Obesity Increases Risk for Pouch-Related Complications Following Restorative Proctocolectomy with Ileal Pouch-Anal anastomosis (IPAA)

Coen L. Klos, Bashar Safar, Nida Jamal, Steven R. Hunt, Paul E. Wise, Elisa H. Birnbaum, James W. Fleshman, Matthew G. Mutch, Sekhar Dharmarajan

Research output: Contribution to journalArticle

Abstract

Purpose: Restorative proctocolectomy with ileal pouch-anal anastomosis (IPAA) is the preferred surgical treatment for patients with ulcerative colitis and familial adenomatous polyposis. As obesity is becoming more epidemic in surgical patients, the aim of this study was to investigate if obesity increases complication rates following IPAA. Methods: This study was conducted as a retrospective review of patients undergoing IPAA between January 1990 and April 2011. Patients were categorized by body mass index (BMI): BMI <30 (non-obese) and BMI ≥ 30 (obese). Preoperative patient demographics, operative variables, and postoperative complications were recorded through chart review. The primary outcome studied was cumulative complication rate. Results: A total of 103 non-obese and 75 obese patients were identified who underwent IPAA. Obese patients had an increased rate of overall complications (80 % vs. 64 %, p = 0.03), primarily accounted for by increased pouch-related complications (61 % vs. 26 %, p <0.01). In particular, obese patients had more anastomotic/pouch strictures (27 % vs. 6 %, p <0.01), inflammatory pouch complications (17 % vs. 4 %, p <0.01) and pouch fistulas (12 % vs. 3 %, p = 0.03). In a regression model, obesity remained a significant risk factor (odds ratio [OR] = 2.86, p = 0.01) for pouch-related complications. Conclusions: Obesity is associated with an increased risk of overall and pouch-related complications following IPAA. Obese patients should be counseled preoperatively about these risks accordingly.

Original languageEnglish (US)
Pages (from-to)573-579
Number of pages7
JournalJournal of Gastrointestinal Surgery
Volume18
Issue number3
DOIs
StatePublished - Mar 2014
Externally publishedYes

Fingerprint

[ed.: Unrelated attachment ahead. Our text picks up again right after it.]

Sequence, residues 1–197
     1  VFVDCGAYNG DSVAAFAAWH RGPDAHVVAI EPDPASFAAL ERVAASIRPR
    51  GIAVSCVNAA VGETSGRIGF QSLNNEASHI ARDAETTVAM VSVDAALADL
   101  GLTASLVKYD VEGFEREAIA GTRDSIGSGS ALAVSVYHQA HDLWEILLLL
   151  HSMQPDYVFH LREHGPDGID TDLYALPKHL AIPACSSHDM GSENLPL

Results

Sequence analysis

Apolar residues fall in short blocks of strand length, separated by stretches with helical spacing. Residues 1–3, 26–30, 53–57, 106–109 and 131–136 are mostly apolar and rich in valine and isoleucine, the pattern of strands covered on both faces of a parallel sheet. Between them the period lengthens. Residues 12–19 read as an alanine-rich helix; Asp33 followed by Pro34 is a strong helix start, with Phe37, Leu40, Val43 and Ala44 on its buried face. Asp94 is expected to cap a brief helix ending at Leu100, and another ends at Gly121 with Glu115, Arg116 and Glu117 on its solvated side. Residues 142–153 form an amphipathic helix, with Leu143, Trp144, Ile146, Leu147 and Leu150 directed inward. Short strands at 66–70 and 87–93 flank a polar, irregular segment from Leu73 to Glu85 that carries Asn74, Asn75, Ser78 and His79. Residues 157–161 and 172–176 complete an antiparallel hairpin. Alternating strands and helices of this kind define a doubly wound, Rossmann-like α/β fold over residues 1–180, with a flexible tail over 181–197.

Restorative Proctocolectomy
Colonic Pouches
Obesity
Body Mass Index
Adenomatous Polyposis Coli
Ulcerative Colitis
Fistula
Pathologic Constriction
Odds Ratio
Demography

Keywords

  • Complications
  • Obesity
  • Restorative proctocolectomy

ASJC Scopus subject areas

  • Surgery
  • Gastroenterology

Cite this

Obesity Increases Risk for Pouch-Related Complications Following Restorative Proctocolectomy with Ileal Pouch-Anal anastomosis (IPAA). / Klos, Coen L.; Safar, Bashar; Jamal, Nida; Hunt, Steven R.; Wise, Paul E.; Birnbaum, Elisa H.; Fleshman, James W.; Mutch, Matthew G.; Dharmarajan, Sekhar.

In: Journal of Gastrointestinal Surgery, Vol. 18, No. 3, 03.2014, p. 573-579.

Research output: Contribution to journalArticle

Klos, Coen L. ; Safar, Bashar ; Jamal, Nida ; Hunt, Steven R. ; Wise, Paul E. ; Birnbaum, Elisa H. ; Fleshman, James W. ; Mutch, Matthew G. ; Dharmarajan, Sekhar. / Obesity Increases Risk for Pouch-Related Complications Following Restorative Proctocolectomy with Ileal Pouch-Anal anastomosis (IPAA). In: Journal of Gastrointestinal Surgery. 2014 ; Vol. 18, No. 3. pp. 573-579.
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abstract = "Purpose: Restorative proctocolectomy with ileal pouch-anal anastomosis (IPAA) is the preferred surgical treatment for patients with ulcerative colitis and familial adenomatous polyposis. As obesity is becoming more epidemic in surgical patients, the aim of this study was to investigate if obesity increases complication rates following IPAA. Methods: This study was conducted as a retrospective review of patients undergoing IPAA between January 1990 and April 2011. Patients were categorized by body mass index (BMI): BMI <30 (non-obese) and BMI ≥ 30 (obese). Preoperative patient demographics, operative variables, and postoperative complications were recorded through chart review. The primary outcome studied was cumulative complication rate. Results: A total of 103 non-obese and 75 obese patients were identified who underwent IPAA. Obese patients had an increased rate of overall complications (80 {\%} vs. 64 {\%}, p = 0.03), primarily accounted for by increased pouch-related complications (61 {\%} vs. 26 {\%}, p <0.01). In particular, obese patients had more anastomotic/pouch strictures (27 {\%} vs. 6 {\%}, p <0.01), inflammatory pouch complications (17 {\%} vs. 4 {\%}, p <0.01) and pouch fistulas (12 {\%} vs. 3 {\%}, p = 0.03). In a regression model, obesity remained a significant risk factor (odds ratio [OR] = 2.86, p = 0.01) for pouch-related complications. Conclusions: Obesity is associated with an increased risk of overall and pouch-related complications following IPAA. Obese patients should be counseled preoperatively about these risks accordingly.",